The different beats of Lankan drums | Sunday Observer

The different beats of Lankan drums

3 November, 2019

Drums play a very important part in the lifestyle of Sri Lankans. It is used at temple rituals and other religious events as well as at weddings, other celebratory events and even at funerals. The history of Sri Lankan drums dates to more than 2,500 years ago and references to them are found in ancient literary works such as the Thupavamsaya, Dalada Siritha and Pujavaliya. It is said that in the early days that there were 64 types of drums but now there are only about 10 types of drums in use.

Different rhythms or beats are used in different situations.

Hewisi is used in religious events while the Ana or Anda Beraya is used to tell people about Royal decrees. Even today, once in a while an Anda Bera Karaya (man who beats a drum) can be heard though it is now more a gimmick. In the days of the Sinhla kings the Vada Beraya was played when they persons being taken to be beheaded.

The Mala Beraya is used in funeral processions. The Rana Bera are used by armies going to war and the Magul Beraya is used during weddings, ceremonial and festive occasions.

Geta Beraya (Udarata Beraya)

 The Geta Beraya or Udarata Beraya is the Kandyan drum. It is the main drum used in traditional Kandyan dances and so, the name Udarata Beraya. The name Geta Beraya (drum with a knot) is given because of the shape of this drum. It has a barrel-like shape and the two sides are narrower than the centre of the drum. Ehela, kos (jak)or kohomba (margosa) or milla wood is used to make it. The two sides are covered with two different kinds of animal hide. The left side is covered with treated cattle hide and the right side with treated goat or monkey skin. The cattle hide covered side has a low pitched sound or beat while the side covered with the goat or monkey skin has a sound or beat higher in pitch. Deer skin strips are usually used to hold the sides of the Geta Beraya. It is tied around the waist of the drummer. The drum is played with both hands.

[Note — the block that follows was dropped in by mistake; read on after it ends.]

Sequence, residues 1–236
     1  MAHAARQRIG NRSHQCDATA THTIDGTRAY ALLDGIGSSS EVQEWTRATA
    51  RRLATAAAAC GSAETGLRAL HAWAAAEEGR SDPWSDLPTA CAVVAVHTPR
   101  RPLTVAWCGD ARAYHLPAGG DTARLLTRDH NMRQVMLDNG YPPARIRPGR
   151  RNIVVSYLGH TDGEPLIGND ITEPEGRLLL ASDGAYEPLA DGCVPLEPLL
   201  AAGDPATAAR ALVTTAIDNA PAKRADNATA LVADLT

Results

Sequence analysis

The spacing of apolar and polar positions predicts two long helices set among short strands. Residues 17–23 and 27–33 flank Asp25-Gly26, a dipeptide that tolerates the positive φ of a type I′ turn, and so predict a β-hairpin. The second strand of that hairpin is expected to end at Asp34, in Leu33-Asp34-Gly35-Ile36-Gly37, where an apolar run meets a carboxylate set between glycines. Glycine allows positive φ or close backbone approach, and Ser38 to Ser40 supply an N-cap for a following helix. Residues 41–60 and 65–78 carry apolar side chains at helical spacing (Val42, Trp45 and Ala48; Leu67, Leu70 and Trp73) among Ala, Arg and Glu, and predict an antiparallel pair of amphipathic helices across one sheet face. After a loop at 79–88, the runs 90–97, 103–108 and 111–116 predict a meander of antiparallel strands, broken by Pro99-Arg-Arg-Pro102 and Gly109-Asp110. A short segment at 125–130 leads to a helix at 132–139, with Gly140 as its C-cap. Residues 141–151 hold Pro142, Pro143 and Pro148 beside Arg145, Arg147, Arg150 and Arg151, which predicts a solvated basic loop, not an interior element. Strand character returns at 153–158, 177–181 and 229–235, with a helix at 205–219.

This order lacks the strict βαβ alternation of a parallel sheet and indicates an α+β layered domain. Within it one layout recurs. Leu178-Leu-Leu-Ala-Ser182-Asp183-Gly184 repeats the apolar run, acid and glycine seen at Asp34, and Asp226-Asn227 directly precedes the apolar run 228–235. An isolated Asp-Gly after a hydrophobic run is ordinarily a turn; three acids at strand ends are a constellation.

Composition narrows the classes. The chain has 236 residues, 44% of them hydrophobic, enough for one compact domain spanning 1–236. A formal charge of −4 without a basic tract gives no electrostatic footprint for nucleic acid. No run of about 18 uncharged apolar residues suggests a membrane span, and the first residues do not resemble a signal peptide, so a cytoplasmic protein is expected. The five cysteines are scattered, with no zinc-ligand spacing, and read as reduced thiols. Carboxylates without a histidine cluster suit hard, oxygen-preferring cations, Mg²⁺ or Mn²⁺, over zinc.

The Thammattama has two drums joined together and they are of two different sizes. One drum is larger. Only the top sides of the drums are covered with either cow or buffalo skins. The wood used for the Thammattam is Kos , Kohomba or Milla. The special sticks used to beat the twin drums are made from the Kirindi creeper. The right drum has a louder sound than the left drum which has a looser, deeper sound.


This large drum is the main drum or percussion instrument used in the traditional Sabaragamuwa rituals and dances. It is also used for Buddhist ceremonies, rituals and peraheras. The Davula is also used as an Ana Beraya by town criers or similar persons to broadcast Royal and other decrees. The Davula’s two faces are covered with cattle or goat hide. It is tightened with a string made especially for this purpose. The drummer beats one side of the Davula with a hand and the other side with a stick called the kadippuwa.

Yak Beraya (Pahatharata Beraya)

This is the low country counterpart of the Kandyan or up country Geta Beraya. As it is used in the southern coastal areas of the country or the Pahatharata areas it is called the Pahatharata Beraya. Other names for it are Yak Beraya, Ruhunu Beraya, Dewul Beraya, Dhik Beraya and Goshaka Beraya. The Yak Beraya is the main drum used for the Pahatharata dances. It is cylindrical in shape and this is why it is called the Dhik Beraya. The name Goshaka Beraya is given to this drum because of its loud, bass sound.

It is made from kitul, coconut, kohomba, ehela or milla wood. The sides are covered with treated cattle hide or stomach lining. The strips of skin holding the Yak Beraya together are made from treated cattle hide. Like the Geta Beraya this drum is also tied around the waist and played by hand.